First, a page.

So, you've finally made the decision to get a new puppy. You've done your research, changed your mind a thousand times, but now you're dead set on getting a second bundle of love. There's just one problem...

You already have an older dog!

It's a common worry for dog owners considering a new puppy. Will they get along? Is it unfair to my current dog? It really can cause sleepless nights.

However, there's no need to worry. The fact that you're even considering a new puppy means that you think your older dog will likely take to them. You know their temperament best, and if there was a definite problem you wouldn't have made it this far.

With a little bit of tact, and a lot of patience, introducing a new puppy to your older dog doesn't have to be too difficult.

Here are a few tips to make the whole thing a little easier:

Have Faith

Firstly, it's important that you believe that the situation will work. Otherwise, it's not going to be fun!

It's natural that you're a little anxious, but you don't want the dogs to sense this. Your older dog knows you inside out, and your pup will be as nervous as you - they're going to be relying on you to be calm.

Remember, there's no point in worrying before anything happens. You'll drive yourself crazy!

Be Prepared

As much as we say that you shouldn't panic, it's important that you prepare for the first meeting. Well, first impressions count, right?

First of all, make sure that both animals are up to date with their vaccinations and have been treated for worms and parasites. This is particularly important if the new puppy is a rescue dog.

You also need to make sure that you're properly kitted out. Obviously, your older dog will have everything that they need, and you don't want them to feel forced to share with the puppy. You'll need feeding bowls, toys, and a bed as the minimum.

The more prepared you are, the less stressed you'll be - and it'll make it that bit easier for the dogs too!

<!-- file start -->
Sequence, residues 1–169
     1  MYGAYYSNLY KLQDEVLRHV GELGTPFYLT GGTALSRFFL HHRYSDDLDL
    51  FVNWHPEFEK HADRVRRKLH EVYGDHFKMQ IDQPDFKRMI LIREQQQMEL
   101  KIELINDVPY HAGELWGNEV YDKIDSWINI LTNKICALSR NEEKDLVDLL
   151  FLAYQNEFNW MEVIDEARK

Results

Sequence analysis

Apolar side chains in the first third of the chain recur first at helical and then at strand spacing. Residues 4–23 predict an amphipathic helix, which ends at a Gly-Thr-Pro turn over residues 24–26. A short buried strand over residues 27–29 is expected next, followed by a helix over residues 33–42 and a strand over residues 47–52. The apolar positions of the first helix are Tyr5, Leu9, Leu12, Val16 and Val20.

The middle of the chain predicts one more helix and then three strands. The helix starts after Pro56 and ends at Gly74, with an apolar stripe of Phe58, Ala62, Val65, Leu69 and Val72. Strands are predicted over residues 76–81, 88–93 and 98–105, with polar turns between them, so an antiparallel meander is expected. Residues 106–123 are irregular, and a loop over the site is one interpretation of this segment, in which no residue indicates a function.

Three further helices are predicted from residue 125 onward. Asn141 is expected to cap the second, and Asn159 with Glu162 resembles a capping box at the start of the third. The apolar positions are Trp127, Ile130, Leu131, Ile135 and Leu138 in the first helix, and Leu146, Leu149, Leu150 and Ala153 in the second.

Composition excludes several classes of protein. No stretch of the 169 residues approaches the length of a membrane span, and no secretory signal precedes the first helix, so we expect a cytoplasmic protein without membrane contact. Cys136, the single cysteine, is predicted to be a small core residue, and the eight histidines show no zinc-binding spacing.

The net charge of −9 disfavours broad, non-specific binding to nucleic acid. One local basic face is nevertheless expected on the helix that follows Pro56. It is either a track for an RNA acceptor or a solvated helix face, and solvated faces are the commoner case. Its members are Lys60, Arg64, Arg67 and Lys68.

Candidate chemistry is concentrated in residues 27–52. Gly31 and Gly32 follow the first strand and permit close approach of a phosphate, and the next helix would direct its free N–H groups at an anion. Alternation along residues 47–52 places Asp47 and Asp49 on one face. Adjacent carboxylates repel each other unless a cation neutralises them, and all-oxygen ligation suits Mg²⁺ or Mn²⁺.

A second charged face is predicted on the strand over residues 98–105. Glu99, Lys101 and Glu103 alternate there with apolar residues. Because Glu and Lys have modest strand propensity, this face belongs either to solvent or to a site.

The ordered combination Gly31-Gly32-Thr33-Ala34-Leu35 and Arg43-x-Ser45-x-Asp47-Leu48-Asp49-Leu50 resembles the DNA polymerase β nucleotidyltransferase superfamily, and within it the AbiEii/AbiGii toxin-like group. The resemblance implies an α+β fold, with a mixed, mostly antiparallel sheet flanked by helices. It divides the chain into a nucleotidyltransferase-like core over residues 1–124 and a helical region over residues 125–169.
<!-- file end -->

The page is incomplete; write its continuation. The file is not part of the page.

Ease Them In

This is a big one, and again you need to plan ahead.

You need to try and make the new puppy feel comfortable, whilst ensuring that you're not neglecting your older dog. If you get a rescue dog, it's a little easier - introduce them on a walk together, let them get familiar, then head back home. When home, keep the new dog on their lead while they explore initially. You don't want them to intrude on your older dog's space.

However, if you opt for a new puppy, it's likely that they won't be allowed outside until they've had all of their vaccinations. In this instance, start by holding the puppy on your lap and encouraging your older dog to come over and meet them. Only when you're sure that they're good with each other should you put the puppy down and let them play freely.

It's important that you encourage your older dog and make them feel comfortable in the situation. With a bit of nurturing, they'll soon take to their adopted brother or sister!

Watch Their Behaviour

It's important that you're present while your new puppy integrates with your existing dog, for your peace of mind as much as theirs.

It's important that the dogs approach each other naturally, and you should never force them together. Let them do it in their own time.

Your older dog will probably assert their dominance while the new puppy behaves submissively, licking their muzzle or lying down and rolling over, for example. This is nothing to worry about. Similarly, your older dog may snap or bark, as they maintain control over the situation. Again, this is completely normal, and should be encouraged.

It's a good idea to stand with your legs slightly apart. This will let your puppy know that they can protect themselves safely behind them.

Of course, if your older dog continues to act aggressively then it's best to remove them from the situation. But, don't worry about that for now - well socialised dogs will explore the new addition, then either try to engage or completely ignore them.

Keep Control

Throughout the whole process, the key is to always maintain your control. You're the boss, and you want the dogs to know it!

When they play well together, reward them. If one snaps, discipline them. It's vital that you're fair and balanced, and that they feel like they're being treated as equals.

Introducing a new puppy to your older dog can be a daunting prospect, but it really doesn't have to be. If you follow these simple steps, you'll find the process a lot easier, and will soon have a happy, multi-dog home!

If you're balancing multiple dogs with a full time job, perhaps Tailster can help. We have a network of dedicated carers and walkers across the UK who can walk and care for your dog as and when required. For more information on our full service, click here.

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